Conventional Loan Financing

Conventional Loan Mortgages

Fannie Mae and Freddie Mac are the two mortgage giants in the United States that sets Conventional loan requirements and guidelines.  Conventional loans are NOT insured by any government entity but they must meet the guidelines set by Fannie Mae or Freddie Mac, therefore termed “conforming loan”.  Just like FHA, VA, USDA, or any Government insured loans, conventional loans are also made by private lenders. Conventional mortgage lenders that meet Fannie Mae and Freddie Mac mortgage lending guidelines offer financing for owner occupied and second homes, vacation homes and investment homes however they do not insure mortgage loans. Conventional loans that meet Fannie Mae and Freddie Mac guidelines are called Conforming Loans because they conform to Fannie Mae or Freddie Mac mortgage lending guidelines. Conventional loans do not have upfront mortgage insurance premiums like FHA insured loans would have.  However,  Fannie Mae and Freddie Mac require private mortgage insurance for any mortgage loans with a greater 80% loan to value.  Once a borrower obtains mortgage insurance they are not required to maintain the private mortgage insurance for the life of the Conventional Loan as would be required for an FHA insured loan.  Private Mortgage insurance can can be canceled once the borrower has reached 20% or more of home equity in their home. In order to cancel Private Mortgage Insurance the borrower will be required to have a Home appraisal to verify the value of the property in order to determine loan to value. Conventional Loan mortgage rates are more impacted by the borrower’s credit scores because they are not guaranteed by the government against default by the mortgage borrower. Conventional Loan mortgage rates are also determined by the the amount of down payment the buyer puts down.  The more money invested by the buyer the less risk to the lender and more risk to the buyer. In other words the loan to value.  Conventional Loans are more sensitive to FICO credit scores as, the higher the credit scores and lower the loan to value, the better the mortgage interest rates for a Conventional Loan.

Credit Scores and Debt to Income Ratio

2016 Conventional Loan Requirements: Credit Scores and Debt to Income Ratio Requirements.

Conventional Mortgage Loans does have a minimum credit FICO score requirement to qualify.  Any borrower will need a 620 FICO credit score to qualify for a conventional loan. Fannie Mae and Freddie Mac require a minimum of 5% down payment from the borrower/purchaser to qualify for a Conventional Loan. Fannie Mae and Freddie Mac will allow a 3% down payment for first time home buyers, interpretation here is home buyers who have had not owned a home or had a home loan for the past three years. To qualify for a Conventional Loan there is a maximum debt to income (DTI) ratio limit of 45% DTI.

Breaking it down to qualify for a Conventional Mortgage Loan

  • Borrower need a minimum 620 FICO score
  • Borrower needs a minimum of 5% down /unless
  • Borrower has not owned a home or had a mortgage for the past three years, if they have not 3% down payment
  • Debt to Income ratio limit of 45%

Conventional Loan Requirements – Second Homes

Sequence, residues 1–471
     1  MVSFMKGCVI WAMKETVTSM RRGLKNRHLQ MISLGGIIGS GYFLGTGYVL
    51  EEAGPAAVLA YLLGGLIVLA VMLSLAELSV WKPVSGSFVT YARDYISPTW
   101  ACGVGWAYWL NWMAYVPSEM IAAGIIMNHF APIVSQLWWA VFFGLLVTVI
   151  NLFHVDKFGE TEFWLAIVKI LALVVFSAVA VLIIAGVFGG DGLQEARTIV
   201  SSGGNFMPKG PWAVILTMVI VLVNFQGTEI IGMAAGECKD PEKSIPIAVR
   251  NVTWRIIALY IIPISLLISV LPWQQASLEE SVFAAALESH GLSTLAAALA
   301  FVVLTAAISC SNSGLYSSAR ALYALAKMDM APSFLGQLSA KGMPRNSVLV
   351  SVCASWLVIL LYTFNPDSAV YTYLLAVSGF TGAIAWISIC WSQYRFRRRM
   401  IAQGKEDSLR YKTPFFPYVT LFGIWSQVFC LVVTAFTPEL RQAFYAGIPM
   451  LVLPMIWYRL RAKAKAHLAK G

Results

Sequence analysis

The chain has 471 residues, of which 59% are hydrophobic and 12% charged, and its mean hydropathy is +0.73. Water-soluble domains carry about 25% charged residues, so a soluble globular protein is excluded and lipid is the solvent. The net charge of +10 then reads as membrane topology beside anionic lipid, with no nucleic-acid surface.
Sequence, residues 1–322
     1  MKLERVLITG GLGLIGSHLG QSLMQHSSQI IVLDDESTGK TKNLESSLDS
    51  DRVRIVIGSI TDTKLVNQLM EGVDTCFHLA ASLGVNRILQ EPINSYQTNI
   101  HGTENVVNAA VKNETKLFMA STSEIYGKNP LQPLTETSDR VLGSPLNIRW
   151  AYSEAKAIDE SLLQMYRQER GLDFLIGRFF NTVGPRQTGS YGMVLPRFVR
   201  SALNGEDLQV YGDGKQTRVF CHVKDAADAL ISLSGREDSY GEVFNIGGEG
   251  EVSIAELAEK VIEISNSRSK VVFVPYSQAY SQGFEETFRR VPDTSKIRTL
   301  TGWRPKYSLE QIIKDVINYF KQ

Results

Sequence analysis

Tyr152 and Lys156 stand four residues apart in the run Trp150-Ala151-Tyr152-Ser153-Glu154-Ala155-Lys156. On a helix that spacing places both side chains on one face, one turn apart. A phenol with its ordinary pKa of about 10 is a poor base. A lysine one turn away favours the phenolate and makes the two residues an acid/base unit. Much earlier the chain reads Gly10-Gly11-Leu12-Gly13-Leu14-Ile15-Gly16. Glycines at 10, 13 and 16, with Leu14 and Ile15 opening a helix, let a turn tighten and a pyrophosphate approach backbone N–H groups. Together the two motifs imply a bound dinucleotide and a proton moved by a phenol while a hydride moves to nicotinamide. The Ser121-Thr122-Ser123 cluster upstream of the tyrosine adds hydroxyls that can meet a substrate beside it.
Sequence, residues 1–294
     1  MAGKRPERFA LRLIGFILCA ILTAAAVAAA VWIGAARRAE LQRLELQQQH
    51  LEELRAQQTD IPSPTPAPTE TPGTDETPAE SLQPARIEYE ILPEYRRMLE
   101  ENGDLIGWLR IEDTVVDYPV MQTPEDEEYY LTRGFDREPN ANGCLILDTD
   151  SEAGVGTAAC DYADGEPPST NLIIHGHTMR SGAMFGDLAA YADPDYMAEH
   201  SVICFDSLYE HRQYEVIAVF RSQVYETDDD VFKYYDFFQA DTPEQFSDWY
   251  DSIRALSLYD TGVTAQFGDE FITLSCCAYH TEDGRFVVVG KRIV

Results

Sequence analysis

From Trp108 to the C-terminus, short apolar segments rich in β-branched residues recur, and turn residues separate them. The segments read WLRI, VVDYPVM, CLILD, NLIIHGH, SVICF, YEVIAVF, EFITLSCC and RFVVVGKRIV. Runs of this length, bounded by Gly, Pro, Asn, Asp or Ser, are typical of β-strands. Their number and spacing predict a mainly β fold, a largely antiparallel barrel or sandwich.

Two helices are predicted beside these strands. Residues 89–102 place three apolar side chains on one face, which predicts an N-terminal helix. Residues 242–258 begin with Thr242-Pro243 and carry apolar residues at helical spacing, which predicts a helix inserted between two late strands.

FHA Loans, VA Loans and USDA Loans are all government guaranteed loans. All government insured loans  do not allow second home financing, this type of financing is reserved for owner occupied properties only.  Conventional loan financing is the source of lending for second home financing or investment home financing.  The minimum down payment requirement for Conventional financing on second homes or investment home financing is 10% down payment but it depends on the type of property the real estate investor is buying.

Government Loans do not allow second home financing nor investment home financing. FHA Loans, VA Loans, and USDA Loans is for owner occupant properties only. Home buyers looking for second home financing or investment home financing need to go with a Conventional Loan. 10% down payment is required for second home financing and with investment homes, it depends on the type of property the real estate investor is buying.

Single family homes that are investment homes require 15% down payment. 2 to 4 unit properties that are investment properties require more down payments as well as reserves.

 Waiting Period After Bankruptcy And Foreclosure

Borrowers can qualify for a Conventional mortgage loan after a bankruptcy and foreclosure.  The guidelines are as follows:

Four Year Waiting Period

  • Chapter 7 Bankruptcy discharged date
  • Deed in lieu of foreclosure/or short sale

Two Year Waiting Period

  • Chapter 13 Bankruptcy discharged date

Seven Year Waiting Period

  • Foreclosure

If a borrower had a mortgage as part of bankruptcy, there is a 4 year waiting period to qualify for a Conventional Loan form the discharged date of your Chapter 7 Bankruptcy date. The foreclosure can be transferred out of your name after the discharged date of your Chapter 7 Bankruptcy discharged date and has nothing to do with waiting period requirements on Conventional loans. The 4 year waiting period begins from the discharged date of the Chapter 7 Bankruptcy

This is a partial overview and I invite you to reach out to The Larry Stepp Team at Gustan Cho Associates if you have further questions or we can assist or guide you through a complicated mortgage application process.  I am available 7 days a week, holidays and weekends and look forward to assisting your need.

Larry Stepp     407-922-4755       LarryS.HomesNetwork@gmail.com